There is no general rule of etiquette about whether a blogger should respond to a comment.  My own view is that it is polite to respond to every comment for two reasons.  First, because it acknowledges that the person who made the comment has taken time out of a busy day to let you know what they think.  Secondly, because it is human nature to want attention, and most people who comment would, I believe, want their comments read and attended to.  A response is a way of the blogger showing that he has indeed read the comment. 

Besides, I am (usually) only too delighted that someone has commented, and I like to converse.  So responding is a happy thing for me.

I have tried commenting on a few blogs where the response from the blogger is either non-existant or unpredictable, and have found it to be a very unrewarding experience which leads me to desert the blog.  If the blogger does not respond to comments, it suggests that he is not interested in what the person commenting has to say.  In which case, why invite comments in the first place? 

So, should you choose to write a comment on my blog, I will respond to every comment which is published.  If I don’t, it will be an oversight, and you may prod me for a response.  I do not ignore people.

My next problem comes with my response to your comment.  Should I try to encourage a conversation, or prolong a debate?  I do not know the answer to this bit.

How many strokes?

Here, I think the language of Transactional Analysis is helpful in giving us a vocabulary for the discussion.  Transactional Analysis sees all communication a bit like a tennis game, consisting of strokes.  Strokes are good – at least, most people like them. 

The game begins with one person hitting a ball over the net to the other person.  The other person has the choice of letting the ball go without returning it, catching it, or returning it.  If she returns it, the original person has the same choice of returning it, catching it, or stepping aside and letting it out.  So if I say “hello, how are you?”, you may say nothing, or just “hello” or “hello, I haven’t seen you for a while, how are you doing?”.

The game could go on for ever.  But games never do.  In an ideal world, both people will have had enough at the same point and the game will end.  At other times, one person wants the game to end earlier than the other person, usually leaving the other person feeling rejected.  Face to face, this is quite easy to avoid – unless you intend to cause hurt, or are mind blind – but it is much more difficult on the internet.  How do you know whether the person who has commented wants a two-stroke exchange, or a long conversation? 

In real life, the length of the game is usually determined by the context and by our personalities.  A two-stroke exchange is normal if you both pass each other in the street on your way to a meeting.  Men’s exchanges with each other often have fewer strokes than equivalent exchanges between women.  A longer exchange would be normal if you were sitting next to each other at dinner.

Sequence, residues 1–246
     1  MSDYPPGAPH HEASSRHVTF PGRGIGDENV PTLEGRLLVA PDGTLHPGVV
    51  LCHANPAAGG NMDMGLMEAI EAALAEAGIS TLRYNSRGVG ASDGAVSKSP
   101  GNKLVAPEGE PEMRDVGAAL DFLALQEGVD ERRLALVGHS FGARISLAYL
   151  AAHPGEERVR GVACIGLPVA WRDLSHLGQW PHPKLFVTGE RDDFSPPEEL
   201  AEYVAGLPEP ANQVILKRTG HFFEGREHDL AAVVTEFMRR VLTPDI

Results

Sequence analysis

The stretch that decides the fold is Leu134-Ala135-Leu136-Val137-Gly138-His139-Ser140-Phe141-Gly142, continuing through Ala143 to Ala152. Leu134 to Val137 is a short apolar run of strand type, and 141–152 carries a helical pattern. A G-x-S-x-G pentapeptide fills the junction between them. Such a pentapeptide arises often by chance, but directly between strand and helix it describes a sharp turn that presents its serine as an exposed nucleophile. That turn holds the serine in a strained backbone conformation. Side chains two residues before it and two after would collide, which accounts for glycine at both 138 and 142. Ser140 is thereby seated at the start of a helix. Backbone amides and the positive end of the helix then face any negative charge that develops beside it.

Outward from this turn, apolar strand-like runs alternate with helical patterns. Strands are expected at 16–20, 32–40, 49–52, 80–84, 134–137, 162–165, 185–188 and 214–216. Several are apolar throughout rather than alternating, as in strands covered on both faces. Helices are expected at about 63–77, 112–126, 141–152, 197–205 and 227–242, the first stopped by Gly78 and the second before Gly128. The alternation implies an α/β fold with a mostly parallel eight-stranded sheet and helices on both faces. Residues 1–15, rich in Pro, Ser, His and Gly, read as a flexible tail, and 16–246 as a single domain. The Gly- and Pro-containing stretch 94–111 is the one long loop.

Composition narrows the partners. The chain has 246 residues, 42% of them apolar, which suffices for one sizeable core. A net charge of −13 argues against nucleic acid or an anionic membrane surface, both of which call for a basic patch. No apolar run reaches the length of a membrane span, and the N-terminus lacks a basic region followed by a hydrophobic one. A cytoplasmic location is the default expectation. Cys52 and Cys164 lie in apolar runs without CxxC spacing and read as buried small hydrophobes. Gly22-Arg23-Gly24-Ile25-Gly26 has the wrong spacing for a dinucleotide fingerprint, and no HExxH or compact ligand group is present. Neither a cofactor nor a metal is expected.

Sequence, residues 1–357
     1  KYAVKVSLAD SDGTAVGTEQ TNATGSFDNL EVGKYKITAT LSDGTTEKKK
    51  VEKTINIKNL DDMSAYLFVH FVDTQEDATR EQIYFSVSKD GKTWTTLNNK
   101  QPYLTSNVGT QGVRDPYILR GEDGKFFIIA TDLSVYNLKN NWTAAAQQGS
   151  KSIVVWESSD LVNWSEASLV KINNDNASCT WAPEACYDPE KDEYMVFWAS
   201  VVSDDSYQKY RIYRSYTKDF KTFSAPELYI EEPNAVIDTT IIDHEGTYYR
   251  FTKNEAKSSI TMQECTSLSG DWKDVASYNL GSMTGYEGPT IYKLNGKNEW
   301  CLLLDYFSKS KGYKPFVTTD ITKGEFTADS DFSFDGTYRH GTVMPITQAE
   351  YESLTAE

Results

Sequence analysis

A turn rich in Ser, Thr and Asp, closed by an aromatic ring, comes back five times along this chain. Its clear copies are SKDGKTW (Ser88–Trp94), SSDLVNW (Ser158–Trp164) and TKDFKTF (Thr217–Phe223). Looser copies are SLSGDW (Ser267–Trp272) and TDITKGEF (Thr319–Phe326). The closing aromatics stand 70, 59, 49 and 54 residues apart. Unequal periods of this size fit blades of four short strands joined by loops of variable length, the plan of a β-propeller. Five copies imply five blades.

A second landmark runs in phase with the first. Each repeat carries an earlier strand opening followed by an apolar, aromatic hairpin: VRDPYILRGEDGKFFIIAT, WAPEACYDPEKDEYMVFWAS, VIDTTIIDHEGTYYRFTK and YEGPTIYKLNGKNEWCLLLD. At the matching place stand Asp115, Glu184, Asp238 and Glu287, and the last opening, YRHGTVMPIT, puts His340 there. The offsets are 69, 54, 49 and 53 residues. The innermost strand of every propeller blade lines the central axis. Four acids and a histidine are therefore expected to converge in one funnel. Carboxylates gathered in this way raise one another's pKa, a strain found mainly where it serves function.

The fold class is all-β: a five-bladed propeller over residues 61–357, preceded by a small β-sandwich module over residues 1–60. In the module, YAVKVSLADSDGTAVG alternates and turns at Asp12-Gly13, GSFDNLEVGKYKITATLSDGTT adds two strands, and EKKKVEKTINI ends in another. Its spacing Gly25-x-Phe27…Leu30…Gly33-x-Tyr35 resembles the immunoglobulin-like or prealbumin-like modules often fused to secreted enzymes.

But the internet has no context, and people often trade on anonymity.  And people live in different time zones.  What is a relaxed time of day for me, might be your busiest hour?  The potential for doing the wrong thing and causing disappointment is enormous, and enough to make you consider throwing the whole thing in.

So, if I respond to your comment with another comment which includes a question, you may not wish to respond.  If you don’t respond, I look a bit stupid for having asked the question in the first place, and I feel sad that you haven’t answered the question.  Being surprisingly reluctant to expose myself to the humiliation or the hurt, I am probably unlikely to ask further questions in my comment, unless I’m pretty sure that the person commenting will respond.  If I don’t ask a question, you now know one of the reasons why.  Which may be the same reason why you don’t comment on a blog.

Knowing that I will respond should ease anxiety.  Of course, you will still not know when I will respond, and the different time zones are very unhelpful.  My daily schedule is fairly unpredictable, which causes its own problems, but I am going to try to write posts on Sundays and Tuesdays or Wednesdays.  I may write posts in between, if I have time, and will try to answer comments as soon as I can.  I cannot stand passive aggressive behaviour, so rest assured that I will never delay responding to a comment on purpose.

Wouldn’t it be good if there was some symbol which a blogger could add to his or her blog which showed his or her commitment to responding to comments?